It is a wonderful work, not only a departure from what he has done before, but a huge leap forward. There are five planned performances of it this year and another four already for next year all in Europe.

Opera Colorado Presents Offenbach's Vivid Fantasy The Tales of Hoffmann

4 Performances Only: November 7, 10, 13 & 15

DENVER, CO— A poet explores a surreal dreamscape as he recalls his lost loves in Opera Colorado’s production of Offenbach's The Tales of Hoffmann, playing for four performances only at the Ellie Caulkins Opera House, November 7 through the 15. Tickets, ranging in price from $30 to $160 are available at OperaColorado.org or by calling 800.982.ARTS.

Created by director Renaud Doucet and production designer André Barbe, the opera is a vivid flight of the imagination about a poet named Hoffmann who is in love with four unforgettable women. The hero travels to a mad scientist’s laboratory, the surreal home of a fragile young singer, and a Venetian brothel, but encounters evil villains who seek to ruin his chance at love. Offenbach’s lush music fuels the visual style of the stage design, inspired by graphic artist M.C. Escher, and the lavish costumes, inspired by 19th century French couture. This will be Opera Colorado’s first performance of Offenbach’s masterpiece in more than twenty-five years.

The opera stars Australian tenor Julian Gavin (Carmen, 2005) in the title role alongside soprano Pamela Armstrong (La traviata, 2007), who takes on the challenging task of performing all four female roles. Normally these roles are performed by three different singers; to take on all four roles is truly a superhuman feat for any soprano. French-Canadian bass-baritone Gaétan Laperrière makes his Opera Colorado debut performing the roles of the Four Villains. The performance will be conducted by renowned French conductor Emmanuel Joel-Hornak, making his Opera Colorado debut.

The Tales of Hoffmann was created by Opera Colorado in cooperation with Opera Theatre of St. Louis and Boston Lyric Opera.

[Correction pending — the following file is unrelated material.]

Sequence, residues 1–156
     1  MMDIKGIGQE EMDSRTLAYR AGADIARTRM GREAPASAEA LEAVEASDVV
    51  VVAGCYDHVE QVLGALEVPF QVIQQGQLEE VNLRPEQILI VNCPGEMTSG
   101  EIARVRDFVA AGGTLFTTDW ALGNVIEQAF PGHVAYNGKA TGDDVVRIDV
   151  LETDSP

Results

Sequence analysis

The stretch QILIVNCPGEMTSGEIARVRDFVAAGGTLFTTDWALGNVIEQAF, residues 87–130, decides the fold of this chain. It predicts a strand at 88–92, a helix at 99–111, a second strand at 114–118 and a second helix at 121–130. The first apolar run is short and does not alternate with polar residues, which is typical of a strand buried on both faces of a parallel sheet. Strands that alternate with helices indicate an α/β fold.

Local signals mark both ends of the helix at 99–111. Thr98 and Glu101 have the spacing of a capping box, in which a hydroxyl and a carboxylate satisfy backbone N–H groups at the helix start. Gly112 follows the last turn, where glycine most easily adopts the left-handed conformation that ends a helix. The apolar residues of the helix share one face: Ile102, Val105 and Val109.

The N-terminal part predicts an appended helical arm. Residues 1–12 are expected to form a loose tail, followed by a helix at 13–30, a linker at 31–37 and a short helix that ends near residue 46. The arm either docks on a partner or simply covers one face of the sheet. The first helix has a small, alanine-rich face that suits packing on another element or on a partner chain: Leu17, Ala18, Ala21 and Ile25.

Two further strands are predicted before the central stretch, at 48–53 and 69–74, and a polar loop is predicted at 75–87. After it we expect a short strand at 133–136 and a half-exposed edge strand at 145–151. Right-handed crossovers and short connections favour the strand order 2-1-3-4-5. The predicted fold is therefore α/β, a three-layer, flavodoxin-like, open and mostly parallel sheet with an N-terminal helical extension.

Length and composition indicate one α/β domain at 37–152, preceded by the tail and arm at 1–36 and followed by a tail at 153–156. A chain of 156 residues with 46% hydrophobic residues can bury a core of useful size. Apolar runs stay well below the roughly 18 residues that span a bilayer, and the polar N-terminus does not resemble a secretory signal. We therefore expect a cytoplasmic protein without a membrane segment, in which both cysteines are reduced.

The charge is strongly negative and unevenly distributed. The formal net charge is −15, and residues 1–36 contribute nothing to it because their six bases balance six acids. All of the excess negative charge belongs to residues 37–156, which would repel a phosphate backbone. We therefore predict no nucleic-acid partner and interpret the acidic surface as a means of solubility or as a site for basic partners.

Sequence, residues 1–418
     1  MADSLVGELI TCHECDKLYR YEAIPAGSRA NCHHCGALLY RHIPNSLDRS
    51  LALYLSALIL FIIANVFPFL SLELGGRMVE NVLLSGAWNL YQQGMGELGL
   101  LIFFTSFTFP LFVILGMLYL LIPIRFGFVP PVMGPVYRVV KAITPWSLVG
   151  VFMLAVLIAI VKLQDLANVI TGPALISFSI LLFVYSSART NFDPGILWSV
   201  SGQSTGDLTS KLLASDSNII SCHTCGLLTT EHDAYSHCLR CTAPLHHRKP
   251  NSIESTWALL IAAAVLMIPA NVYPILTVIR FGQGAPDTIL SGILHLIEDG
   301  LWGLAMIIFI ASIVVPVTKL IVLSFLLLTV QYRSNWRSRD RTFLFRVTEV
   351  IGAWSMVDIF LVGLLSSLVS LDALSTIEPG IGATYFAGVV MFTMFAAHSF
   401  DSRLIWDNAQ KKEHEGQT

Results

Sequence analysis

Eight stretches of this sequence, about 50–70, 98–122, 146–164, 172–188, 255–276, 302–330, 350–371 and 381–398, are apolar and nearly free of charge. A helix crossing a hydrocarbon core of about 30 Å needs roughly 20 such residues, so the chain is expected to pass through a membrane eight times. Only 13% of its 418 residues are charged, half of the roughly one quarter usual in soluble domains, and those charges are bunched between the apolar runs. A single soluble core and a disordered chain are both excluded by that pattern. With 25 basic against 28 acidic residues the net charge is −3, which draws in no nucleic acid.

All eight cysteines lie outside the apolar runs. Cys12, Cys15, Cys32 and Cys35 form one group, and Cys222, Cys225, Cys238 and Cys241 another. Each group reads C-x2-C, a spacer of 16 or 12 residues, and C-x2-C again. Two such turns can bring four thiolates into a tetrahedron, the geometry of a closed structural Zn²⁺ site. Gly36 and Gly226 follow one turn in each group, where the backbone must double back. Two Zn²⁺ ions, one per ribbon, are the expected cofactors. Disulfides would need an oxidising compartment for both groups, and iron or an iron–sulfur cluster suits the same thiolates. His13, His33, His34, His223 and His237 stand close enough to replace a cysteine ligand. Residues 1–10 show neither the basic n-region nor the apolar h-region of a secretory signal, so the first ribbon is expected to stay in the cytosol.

Pianist Jean-Yves Thibaudet Performs
All-Gershwin Concert with the Baltimore Symphony, Nov. 12-15

Baltimore, Md. (September 28, 2009)—Music Director Marin Alsop and the Baltimore Symphony Orchestra will perform a program featuring George Gershwin classics with French pianist Jean-Yves Thibaudet as soloist at the Joseph Meyerhoff Symphony Hall on Thursday and Friday, November 12 and 13 at 8 p.m. and Sunday, November 15 at 3:00 p.m. and at The Music Center at Strathmore on Saturday, November 14 at 8:00 p.m. The program includes Gershwin’s Rhapsody in Blue, Concerto in F, “I Got Rhythm” Variations, Overture to Girl Crazy and Overture to Of Thee I Sing. Gershwin’s music fuses classical traditions with the American vernacular, a characteristic that highlights the BSO’s season-long theme of exploring cultural roots. Receiving excellent reviews from the Washington Post for conveying “vigor,” “sensitivity” and “star power” during his performance of “Rhapsody” and Concerto in F with the BSO in the spring of 2008, Thibaudet now returns for another evening of “power-Gershwin.” Thibaudet will also return to the BSO the following week, November 19-21, to perform Liszt’s Totentanz.

Instantly recognizable by the clarinet’s opening wail, Rhapsody in Blue has become a piano standard since it was written in 1923. The piece was premiered at a concert of “experimental music” hosted by big band leader Paul Whiteman. Whiteman had asked Gershwin to write a “jazz concerto” months before the concert, but after a few scribbles, the project was abandoned. Gershwin later read in an issue of the New York Tribune that he was to play this as-yet unwritten piece in a concert scheduled for a month later. He finished Rhapsody in Blue just days before he was to play, and improvised all of the solos, having given Paul Whiteman the instruction that he would nod when the orchestra should come back in. The piece, which Gershwin is quoted as saying is “a sort of musical kaleidoscope of America, of our vast melting pot, of our unduplicated national pep, of our blues, our metropolitan madness,” was a huge success. The BSO will perform the original version of the piece for jazz orchestra rather than the classical version heard performed by most orchestras today.